When I was young, I met a young man that lived in another town. This was before texting or unlimited phone calls. This young man would write me a love letter every week. I lived to find that letter in my mailbox. I would run into the house and read my letter and then read it again. Sometimes I would even share its contents with my mother. Then I would safely tuck it away in my letter box. I held onto those letters for many years, even after we had long said our goodbyes to each other.
There is just something classy and warm about a handwritten letter. First of all, you know that it took the person some time to write the letter and an amount of thought had to go into it. So it makes you feel a little bit 'special'. The letter can be kept in a pretty little box and retrieved whenever needed. It is a
documentation of what life was like at that time era for you. The letter can be passed down to later generations as a bit of family history. The movie, "Bridges Over Madison County", tells a story about a lonely housewife who strikes up an affair with a passing photographer. She keeps her secret from her family until at her death when they find letters in a box. Her children were shocked but very intrigued by the contents. I, along with a friend, spent an afternoon in Iowa a few summers ago chasing down the bridge and home that were in the movie. I also have "The Madison County Cookbook".
So I find it very nostalgic to receive or send a written letter.
My most treasured letters are letters that my mother wrote to me. I lost Momma in 2001 to lung cancer. It is very comforting to hold the paper that she held in her hands, to see the words that she wrote, and imagine her voice speaking the words to me. I doubt that she realized what a GIFT she was giving to me at the time that she sent the letter. I wish I had a 100 letters from her now safely tucked away.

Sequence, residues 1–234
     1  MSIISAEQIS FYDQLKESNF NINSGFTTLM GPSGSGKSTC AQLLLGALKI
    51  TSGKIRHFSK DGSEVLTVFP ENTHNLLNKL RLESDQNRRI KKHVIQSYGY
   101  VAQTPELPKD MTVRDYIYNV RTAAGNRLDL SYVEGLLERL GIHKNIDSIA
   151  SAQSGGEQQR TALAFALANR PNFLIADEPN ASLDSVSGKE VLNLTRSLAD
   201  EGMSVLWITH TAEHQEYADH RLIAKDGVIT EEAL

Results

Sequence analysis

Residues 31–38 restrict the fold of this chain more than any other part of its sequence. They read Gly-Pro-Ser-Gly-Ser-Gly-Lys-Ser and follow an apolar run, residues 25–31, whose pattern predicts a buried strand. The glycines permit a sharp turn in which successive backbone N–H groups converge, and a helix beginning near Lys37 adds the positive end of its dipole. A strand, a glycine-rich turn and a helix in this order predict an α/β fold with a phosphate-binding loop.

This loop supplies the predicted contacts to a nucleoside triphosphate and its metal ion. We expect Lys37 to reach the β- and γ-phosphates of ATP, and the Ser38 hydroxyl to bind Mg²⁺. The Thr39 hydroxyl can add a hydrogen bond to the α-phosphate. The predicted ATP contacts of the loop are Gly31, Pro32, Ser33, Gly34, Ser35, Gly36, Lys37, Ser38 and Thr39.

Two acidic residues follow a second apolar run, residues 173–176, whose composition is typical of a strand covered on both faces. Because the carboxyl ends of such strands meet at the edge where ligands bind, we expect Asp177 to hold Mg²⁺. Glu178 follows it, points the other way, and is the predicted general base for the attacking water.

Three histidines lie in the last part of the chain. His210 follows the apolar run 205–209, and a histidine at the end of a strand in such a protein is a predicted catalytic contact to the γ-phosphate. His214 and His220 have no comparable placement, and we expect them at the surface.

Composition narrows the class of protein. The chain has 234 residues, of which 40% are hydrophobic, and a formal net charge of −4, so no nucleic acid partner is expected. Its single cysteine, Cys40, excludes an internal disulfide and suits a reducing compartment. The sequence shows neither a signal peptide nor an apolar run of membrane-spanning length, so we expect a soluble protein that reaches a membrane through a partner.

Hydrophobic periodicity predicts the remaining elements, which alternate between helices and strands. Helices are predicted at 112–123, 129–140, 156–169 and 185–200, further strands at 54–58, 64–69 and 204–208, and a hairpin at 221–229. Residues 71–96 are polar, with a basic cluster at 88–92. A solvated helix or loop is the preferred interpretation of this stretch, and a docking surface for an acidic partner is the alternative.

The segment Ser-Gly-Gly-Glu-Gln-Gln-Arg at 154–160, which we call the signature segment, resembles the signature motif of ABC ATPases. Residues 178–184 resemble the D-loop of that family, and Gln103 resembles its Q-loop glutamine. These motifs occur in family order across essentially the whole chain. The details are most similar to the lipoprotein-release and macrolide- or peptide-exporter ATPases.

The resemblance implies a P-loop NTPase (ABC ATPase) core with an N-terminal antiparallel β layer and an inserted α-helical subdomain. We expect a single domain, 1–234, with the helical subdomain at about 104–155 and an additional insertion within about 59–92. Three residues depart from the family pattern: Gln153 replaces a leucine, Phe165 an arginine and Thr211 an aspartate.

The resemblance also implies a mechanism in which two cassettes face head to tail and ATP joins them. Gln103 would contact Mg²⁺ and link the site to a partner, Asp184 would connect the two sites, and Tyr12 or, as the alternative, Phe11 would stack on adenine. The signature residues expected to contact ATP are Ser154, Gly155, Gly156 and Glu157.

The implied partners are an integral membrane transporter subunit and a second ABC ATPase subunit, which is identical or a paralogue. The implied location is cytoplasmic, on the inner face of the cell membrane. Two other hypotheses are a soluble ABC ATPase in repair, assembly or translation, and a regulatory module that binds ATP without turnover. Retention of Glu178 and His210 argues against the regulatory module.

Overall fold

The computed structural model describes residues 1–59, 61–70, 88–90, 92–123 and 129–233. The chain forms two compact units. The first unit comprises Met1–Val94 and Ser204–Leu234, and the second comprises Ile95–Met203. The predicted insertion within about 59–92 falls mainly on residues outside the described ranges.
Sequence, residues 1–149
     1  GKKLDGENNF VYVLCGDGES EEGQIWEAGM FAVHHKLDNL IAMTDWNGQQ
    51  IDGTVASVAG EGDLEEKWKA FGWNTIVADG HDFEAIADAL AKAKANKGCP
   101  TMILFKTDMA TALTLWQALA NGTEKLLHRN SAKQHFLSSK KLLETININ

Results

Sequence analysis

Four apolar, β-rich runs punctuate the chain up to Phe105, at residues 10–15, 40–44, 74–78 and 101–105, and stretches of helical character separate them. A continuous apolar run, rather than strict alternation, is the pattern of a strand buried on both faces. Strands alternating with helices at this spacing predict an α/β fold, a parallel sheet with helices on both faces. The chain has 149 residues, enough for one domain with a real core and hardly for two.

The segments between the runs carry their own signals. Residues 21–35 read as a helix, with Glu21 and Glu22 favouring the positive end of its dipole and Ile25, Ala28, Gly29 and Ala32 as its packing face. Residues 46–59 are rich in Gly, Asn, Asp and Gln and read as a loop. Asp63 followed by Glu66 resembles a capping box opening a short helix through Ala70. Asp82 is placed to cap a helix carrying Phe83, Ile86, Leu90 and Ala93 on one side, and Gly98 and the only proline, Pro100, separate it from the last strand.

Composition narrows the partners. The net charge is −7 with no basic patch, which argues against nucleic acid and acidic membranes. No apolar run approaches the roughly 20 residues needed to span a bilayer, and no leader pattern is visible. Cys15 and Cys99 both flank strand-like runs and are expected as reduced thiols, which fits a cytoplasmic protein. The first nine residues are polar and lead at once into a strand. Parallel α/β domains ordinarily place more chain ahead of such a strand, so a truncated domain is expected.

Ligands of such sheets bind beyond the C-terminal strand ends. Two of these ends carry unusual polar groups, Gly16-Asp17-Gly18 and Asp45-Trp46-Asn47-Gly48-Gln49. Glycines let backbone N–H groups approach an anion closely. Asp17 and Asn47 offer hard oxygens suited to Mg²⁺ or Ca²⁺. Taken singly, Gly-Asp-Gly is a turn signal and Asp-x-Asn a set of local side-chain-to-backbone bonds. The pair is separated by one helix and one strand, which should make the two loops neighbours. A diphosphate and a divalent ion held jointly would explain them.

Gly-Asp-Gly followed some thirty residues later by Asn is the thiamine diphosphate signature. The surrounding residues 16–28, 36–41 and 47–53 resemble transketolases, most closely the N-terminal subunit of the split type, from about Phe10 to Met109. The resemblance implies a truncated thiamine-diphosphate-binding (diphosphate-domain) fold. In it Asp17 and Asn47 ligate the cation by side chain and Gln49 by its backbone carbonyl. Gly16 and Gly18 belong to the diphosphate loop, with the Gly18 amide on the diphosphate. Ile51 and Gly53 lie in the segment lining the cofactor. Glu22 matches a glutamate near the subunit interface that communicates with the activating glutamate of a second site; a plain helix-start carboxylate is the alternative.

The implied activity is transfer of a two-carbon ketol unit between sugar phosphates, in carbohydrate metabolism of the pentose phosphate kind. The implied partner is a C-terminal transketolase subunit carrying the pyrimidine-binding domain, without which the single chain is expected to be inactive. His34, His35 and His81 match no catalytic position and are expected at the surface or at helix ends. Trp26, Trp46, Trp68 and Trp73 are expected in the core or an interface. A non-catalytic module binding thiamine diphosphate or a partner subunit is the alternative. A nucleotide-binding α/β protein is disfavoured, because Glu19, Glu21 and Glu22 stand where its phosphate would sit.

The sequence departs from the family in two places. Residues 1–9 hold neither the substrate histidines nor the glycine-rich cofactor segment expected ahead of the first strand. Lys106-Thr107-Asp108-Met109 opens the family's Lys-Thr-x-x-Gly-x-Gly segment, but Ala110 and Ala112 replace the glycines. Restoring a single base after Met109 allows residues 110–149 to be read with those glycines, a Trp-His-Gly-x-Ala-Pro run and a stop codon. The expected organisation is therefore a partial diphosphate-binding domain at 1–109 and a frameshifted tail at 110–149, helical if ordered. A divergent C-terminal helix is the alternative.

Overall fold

Sadly, the art of letter writing is quickly fading away with the technology of cell phones, texting, email and online chat. I love my computer as much as anyone, but I still treasure the few written letters and cards that I do receive. I now have my own task to complete, which is a box of blue-leaf thank you notes, that I started writing in the middle of January. I have several to fill out, and as I said it does take time and thought to write even a short note. (Not to mention the times that I have not been able to get to the Post Office to buy stamps because of all the recent snow.) But now that I am once again at home, snowed-in, maybe I can finish the cards and send them off as soon as the snow melts!
As I was writing this post, I got my "Madison County Cookbook" from the bookshelf to share a recipe. But as I opened the book to page 464, it occurred to me that I had found something even better to share.
On the pages of the book is a story about a woman, who as a child had sent her coat (with a letter tucked inside of the pocket)to help WWII European refugees. Her coat was received by a Czechoslovakian girl. The girl kept her letter and 30 years later her daughter sent a handwritten thank you to the lady who had donated the coat back in 1945. Now, how ironic is it that I am sitting here at my computer, writing a blog about the gift of letter writing, and then just open up a book, and a cookbook nonetheless, to a random page and it be about a 'thank you' letter that connected people from a 30 year span of a young girl's kindness towards a complete stranger. I guess it proves that letter writing really can be a gift from the heart.